The champions won their fourth successive game last week leading many to wonder whether the Leicester revival is a direct consequence of Ranieri’s sacking.
Really, what’s going on at the King Power Stadium? Facing flak for their move to sack Claudio Ranieri towards the end of February, the club has since had quite a remarkable transformation. The English champions – who were in dire straits right until Ranieri’s exit – won each of their four games since, including a turnaround win to progress into the Champions League quarterfinals at the cost of a bemused Sevilla. The Leicester revival that looked so improbable just a little over a month ago looks well on course now.
Widely vilified for firing their benign, grandfatherly, virtually haloed manager, Leicester’s sudden surge in form since poses some curious questions regarding Ranieri’s influence on the team and its form in the current season. And, of course, that of current manager Craig Shakespeare, who has overseen Leicester’s escape from relegation in 2014-15 as also their miraculous title-winning season next year under the Italian.
— Champions League (@ChampionsLeague) March 18, 2017
Since Shakespeare has taken charge in February, the intensity, organisation and preparedness of the team has looked on point. Key players from last season, including the likes of Vardy and Mahrez seem to have regained their vigour and drive. And the team looks to take games by the scruff of the neck as they did last year. The energetic pressing, quick movement and haring counters from last season are all back. And the champions have rapidly accelerated away from the drop zone with three consecutive wins.
That’s all fantastic for supporters and neutrals alike. But the question still remains – what is going on at the King Power Stadium? What has changed since Ranieri? And is Shakespeare the true architect of this Leicester revival?
Players, though, insist that not much has changed
Naturally, no one would criticise Ranieri after last season. Not intentionally in public, at the very least. But players have suggested that not much has changed since February. At least not much in substance. Ranieri’s sacking would, of course, have had some fallout. Vardy’s claims of having received death-threats in the aftermath is one on the extreme end. But there may well be some guilt, sadness and other assorted miseries wedged somewhere in the players’ minds. But on the other hand, there would also be an element of relief in some sense.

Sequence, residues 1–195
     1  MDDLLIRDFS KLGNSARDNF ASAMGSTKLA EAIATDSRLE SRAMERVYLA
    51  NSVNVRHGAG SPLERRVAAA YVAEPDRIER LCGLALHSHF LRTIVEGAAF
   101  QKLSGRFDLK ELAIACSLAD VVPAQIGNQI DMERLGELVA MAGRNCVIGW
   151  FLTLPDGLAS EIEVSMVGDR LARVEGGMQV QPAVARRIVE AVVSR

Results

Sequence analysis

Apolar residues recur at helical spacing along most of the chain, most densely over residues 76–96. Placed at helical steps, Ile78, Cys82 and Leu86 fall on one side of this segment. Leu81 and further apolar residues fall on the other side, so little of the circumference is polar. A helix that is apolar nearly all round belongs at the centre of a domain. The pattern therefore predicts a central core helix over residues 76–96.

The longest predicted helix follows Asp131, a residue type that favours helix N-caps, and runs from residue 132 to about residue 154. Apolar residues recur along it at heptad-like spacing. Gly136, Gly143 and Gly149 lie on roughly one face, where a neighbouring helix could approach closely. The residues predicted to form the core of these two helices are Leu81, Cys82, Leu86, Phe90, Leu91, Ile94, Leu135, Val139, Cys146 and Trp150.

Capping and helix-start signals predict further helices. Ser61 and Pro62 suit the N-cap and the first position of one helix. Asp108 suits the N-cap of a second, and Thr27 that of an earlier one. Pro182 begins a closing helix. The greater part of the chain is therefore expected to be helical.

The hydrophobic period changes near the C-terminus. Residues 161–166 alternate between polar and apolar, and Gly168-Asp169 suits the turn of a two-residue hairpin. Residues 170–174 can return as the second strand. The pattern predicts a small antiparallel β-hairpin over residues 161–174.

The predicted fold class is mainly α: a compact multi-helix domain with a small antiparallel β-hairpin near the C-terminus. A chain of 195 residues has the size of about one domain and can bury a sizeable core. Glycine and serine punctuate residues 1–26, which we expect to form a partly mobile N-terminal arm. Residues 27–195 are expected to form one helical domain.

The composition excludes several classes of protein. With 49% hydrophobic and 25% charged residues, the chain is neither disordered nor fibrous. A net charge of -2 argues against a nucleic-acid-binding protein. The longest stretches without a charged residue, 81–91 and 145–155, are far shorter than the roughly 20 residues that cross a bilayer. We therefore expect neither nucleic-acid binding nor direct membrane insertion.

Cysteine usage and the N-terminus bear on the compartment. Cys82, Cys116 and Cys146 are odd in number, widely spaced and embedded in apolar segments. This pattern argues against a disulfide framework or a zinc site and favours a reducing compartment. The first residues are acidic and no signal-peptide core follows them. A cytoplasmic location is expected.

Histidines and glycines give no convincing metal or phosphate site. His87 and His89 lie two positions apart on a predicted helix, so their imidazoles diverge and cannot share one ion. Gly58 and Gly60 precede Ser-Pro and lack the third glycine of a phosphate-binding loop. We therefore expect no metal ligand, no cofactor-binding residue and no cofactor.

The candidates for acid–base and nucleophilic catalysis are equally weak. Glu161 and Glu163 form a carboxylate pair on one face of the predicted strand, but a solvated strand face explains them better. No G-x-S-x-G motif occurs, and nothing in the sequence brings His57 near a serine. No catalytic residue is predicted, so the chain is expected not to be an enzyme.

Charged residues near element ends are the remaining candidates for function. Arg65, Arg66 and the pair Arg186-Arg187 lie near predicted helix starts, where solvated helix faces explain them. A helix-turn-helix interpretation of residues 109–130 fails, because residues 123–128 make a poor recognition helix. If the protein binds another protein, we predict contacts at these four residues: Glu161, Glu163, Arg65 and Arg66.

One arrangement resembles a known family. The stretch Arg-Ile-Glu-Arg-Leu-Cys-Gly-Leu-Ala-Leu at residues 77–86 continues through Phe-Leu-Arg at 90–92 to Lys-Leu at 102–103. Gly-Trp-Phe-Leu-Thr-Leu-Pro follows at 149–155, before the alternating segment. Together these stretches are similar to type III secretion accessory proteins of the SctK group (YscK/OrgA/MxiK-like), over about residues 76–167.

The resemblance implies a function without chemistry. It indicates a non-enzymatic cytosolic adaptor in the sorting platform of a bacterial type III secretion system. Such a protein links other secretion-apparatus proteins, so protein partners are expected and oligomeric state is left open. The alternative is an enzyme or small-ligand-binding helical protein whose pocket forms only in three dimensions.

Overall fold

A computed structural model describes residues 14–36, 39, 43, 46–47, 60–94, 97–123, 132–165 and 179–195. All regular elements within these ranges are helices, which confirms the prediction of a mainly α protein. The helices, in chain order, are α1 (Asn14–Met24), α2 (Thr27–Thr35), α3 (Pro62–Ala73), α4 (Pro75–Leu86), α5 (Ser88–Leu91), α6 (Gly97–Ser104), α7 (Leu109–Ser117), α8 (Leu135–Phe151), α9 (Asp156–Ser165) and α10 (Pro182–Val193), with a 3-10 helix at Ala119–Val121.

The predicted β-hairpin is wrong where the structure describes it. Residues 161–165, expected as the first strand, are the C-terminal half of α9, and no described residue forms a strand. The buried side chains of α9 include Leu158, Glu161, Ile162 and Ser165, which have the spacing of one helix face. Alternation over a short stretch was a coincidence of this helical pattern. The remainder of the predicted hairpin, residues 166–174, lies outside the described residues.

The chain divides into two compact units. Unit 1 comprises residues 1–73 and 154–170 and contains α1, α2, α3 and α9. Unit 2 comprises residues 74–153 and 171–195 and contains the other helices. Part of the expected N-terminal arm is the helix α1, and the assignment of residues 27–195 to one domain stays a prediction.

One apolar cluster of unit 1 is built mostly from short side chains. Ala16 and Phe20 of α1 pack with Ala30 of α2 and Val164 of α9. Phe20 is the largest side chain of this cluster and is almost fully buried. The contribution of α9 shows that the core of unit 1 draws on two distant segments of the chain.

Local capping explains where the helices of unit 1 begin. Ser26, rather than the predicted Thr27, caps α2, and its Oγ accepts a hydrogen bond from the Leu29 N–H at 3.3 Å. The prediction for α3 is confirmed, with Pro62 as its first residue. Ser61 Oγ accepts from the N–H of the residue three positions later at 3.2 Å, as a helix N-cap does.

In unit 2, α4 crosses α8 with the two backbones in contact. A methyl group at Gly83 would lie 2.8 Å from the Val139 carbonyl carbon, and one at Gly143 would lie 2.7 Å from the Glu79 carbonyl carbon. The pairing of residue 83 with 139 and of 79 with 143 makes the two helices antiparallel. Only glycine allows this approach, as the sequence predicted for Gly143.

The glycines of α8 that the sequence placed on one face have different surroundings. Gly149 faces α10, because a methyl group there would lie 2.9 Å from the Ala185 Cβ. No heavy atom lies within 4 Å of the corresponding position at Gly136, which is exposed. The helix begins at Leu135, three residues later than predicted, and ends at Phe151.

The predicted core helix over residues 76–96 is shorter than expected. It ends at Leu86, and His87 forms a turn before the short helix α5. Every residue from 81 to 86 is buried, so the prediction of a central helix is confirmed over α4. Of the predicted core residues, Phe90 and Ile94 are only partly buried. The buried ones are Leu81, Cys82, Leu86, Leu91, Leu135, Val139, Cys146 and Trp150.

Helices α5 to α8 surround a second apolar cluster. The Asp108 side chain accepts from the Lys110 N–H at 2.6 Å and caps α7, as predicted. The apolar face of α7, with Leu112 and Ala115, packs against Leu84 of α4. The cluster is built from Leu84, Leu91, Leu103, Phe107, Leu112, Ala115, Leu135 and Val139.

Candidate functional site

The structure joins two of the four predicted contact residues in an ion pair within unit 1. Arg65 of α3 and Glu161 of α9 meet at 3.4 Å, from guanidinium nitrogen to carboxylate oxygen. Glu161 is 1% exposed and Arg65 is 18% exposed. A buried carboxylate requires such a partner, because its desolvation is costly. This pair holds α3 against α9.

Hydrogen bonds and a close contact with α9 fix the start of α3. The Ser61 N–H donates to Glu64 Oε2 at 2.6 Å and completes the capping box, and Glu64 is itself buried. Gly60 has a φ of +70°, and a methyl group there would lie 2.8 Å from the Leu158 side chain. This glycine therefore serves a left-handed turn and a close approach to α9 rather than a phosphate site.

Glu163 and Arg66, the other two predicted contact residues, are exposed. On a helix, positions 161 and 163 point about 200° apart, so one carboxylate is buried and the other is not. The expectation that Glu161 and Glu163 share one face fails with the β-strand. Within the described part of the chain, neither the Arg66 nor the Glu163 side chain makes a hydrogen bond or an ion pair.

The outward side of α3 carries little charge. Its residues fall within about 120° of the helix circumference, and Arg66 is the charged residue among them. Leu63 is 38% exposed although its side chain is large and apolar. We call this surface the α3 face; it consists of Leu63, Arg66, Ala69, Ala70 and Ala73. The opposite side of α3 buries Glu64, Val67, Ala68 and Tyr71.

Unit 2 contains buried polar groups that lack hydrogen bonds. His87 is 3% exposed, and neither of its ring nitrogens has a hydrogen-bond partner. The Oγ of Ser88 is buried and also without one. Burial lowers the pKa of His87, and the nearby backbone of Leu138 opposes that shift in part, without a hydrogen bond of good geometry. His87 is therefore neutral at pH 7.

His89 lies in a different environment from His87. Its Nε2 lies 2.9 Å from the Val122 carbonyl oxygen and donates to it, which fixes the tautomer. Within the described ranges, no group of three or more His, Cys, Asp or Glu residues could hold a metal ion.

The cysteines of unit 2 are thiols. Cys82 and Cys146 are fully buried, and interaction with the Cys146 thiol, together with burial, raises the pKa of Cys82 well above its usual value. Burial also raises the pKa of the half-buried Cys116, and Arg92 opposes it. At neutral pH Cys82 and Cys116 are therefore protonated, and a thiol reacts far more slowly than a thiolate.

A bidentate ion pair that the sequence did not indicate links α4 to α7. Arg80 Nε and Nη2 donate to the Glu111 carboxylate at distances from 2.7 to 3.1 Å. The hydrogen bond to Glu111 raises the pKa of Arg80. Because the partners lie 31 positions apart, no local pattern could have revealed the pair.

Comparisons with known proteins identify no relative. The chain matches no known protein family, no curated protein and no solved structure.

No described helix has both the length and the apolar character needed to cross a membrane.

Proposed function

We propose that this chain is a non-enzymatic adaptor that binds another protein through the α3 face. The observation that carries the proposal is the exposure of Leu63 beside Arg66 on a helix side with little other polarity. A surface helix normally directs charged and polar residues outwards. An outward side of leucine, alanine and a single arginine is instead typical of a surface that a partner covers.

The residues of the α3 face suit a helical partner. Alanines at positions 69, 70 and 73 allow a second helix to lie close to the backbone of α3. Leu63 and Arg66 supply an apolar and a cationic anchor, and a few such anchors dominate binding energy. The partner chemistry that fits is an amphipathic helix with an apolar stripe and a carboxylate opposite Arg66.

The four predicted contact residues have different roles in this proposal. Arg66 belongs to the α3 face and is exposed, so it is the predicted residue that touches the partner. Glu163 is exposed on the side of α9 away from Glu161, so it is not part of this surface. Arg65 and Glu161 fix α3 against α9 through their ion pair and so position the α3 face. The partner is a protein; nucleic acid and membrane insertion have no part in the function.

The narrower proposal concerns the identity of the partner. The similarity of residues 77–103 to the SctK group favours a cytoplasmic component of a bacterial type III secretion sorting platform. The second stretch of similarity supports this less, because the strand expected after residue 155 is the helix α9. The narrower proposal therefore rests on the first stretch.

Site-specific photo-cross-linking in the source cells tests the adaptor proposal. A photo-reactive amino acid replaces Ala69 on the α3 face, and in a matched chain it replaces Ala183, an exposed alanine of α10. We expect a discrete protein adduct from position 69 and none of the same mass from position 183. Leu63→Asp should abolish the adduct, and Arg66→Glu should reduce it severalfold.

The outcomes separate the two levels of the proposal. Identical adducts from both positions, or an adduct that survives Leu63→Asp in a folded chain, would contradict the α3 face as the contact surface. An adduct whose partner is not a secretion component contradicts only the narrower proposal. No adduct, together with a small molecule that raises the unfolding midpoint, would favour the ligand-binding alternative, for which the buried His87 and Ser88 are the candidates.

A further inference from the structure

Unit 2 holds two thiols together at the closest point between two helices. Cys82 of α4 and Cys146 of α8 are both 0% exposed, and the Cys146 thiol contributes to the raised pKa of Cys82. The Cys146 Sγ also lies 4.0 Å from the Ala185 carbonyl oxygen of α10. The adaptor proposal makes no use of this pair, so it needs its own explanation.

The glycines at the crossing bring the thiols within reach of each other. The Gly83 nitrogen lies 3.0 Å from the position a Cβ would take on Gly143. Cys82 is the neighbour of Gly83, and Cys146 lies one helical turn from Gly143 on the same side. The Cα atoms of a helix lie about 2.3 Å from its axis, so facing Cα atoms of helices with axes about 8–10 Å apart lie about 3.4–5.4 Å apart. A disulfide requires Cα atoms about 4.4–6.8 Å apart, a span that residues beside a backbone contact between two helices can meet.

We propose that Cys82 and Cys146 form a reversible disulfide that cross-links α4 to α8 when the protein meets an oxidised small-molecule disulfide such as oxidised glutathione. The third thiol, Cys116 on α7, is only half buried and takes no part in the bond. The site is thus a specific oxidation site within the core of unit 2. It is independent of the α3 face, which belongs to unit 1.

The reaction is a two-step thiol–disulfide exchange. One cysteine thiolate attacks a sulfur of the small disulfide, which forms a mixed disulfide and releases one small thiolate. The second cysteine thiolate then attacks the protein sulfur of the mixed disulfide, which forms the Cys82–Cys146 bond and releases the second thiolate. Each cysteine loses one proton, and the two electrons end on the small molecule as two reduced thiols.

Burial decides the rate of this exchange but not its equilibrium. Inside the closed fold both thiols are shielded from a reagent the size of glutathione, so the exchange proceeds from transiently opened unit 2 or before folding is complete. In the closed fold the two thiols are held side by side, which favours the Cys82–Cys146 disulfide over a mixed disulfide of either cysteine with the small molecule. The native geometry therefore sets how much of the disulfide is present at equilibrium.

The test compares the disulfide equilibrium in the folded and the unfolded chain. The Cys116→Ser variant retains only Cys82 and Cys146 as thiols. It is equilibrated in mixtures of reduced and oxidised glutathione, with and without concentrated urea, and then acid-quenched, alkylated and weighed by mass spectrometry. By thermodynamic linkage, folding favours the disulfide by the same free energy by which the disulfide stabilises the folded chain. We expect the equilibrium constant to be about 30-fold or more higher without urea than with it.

Ranieri’s second season at the King Power was typified by him living up to his moniker of the “tinkerman”. His constantly shifting tactics, playing styles and even fundamental things like the basic formations clearly took a toll on both the team and individual players. And that aside from the strain accompanying the poor results and the expectations following their title win last season. Things were not quite working out for Ranieri. And even the novelty of mixing it with the giants in Europe looked to be coming to a close – Ranieri’s last match in charge was Leicester’s 2-1 loss away to Sevilla in their last-16 first leg of the Champions League.
3 – Craig Shakespeare is the 1st manager in PL history to have his side score 3+ goals in each of his first 3 games in charge. Scenes.
— OptaJoe (@OptaJoe) March 18, 2017
It’s now understood that beneath the surface of Ranieri’s gameplans and philosophy, it was Shakespeare and his staff who had the pulse of the team. With Ranieri away a lot, the staff was in charge of the meat of the training – organisation, core drills, and the general management of the players. With the Italian gone, Shakespeare has essentially worked towards strengthening those basic aspects of Leicester’s game that worked so well last year. And, of course, kept a consistently simple gameplan. And clearly, the players have responded very well.
Mahrez on Ranieri’s sacking and Leicester’s prospects for the remainder of the season
Midfield ace Riyad Mahrez spoke with Sky Sports ahead of their game with West Ham in week 29 about the Leicester revival and the impact of Ranieri’s sacking on the team:
“The players and the club know we didn’t let Ranieri down so whoever wants to speak can speak. The criticism doesn’t affect us. People speak because it is their job, they have to criticise. We are here to play and to win games.
“Criticism is good for the team, it keeps us strong and then we can fight with more power.
“We didn’t for six, seven months, now we have started. But that doesn’t mean everything is good, we’ve only won three games. We need to keep going because it’s not finished.”
Sacked by Leicester, but still getting awards.
— BBC Sport (@BBCSport) March 24, 2017
On beating Sevilla and making it to the Champions League quarterfinals:
“The Sevilla game was special. We knew it would be a tough game but we put the intensity we needed to win the game.
“It is very good seeing Leicester in the quarterfinals. We will see if the quarterfinals are the end or if we keep going.
“I don’t think we can win it but the same was said about the Premier League. But the Champions League has huge, huge teams.”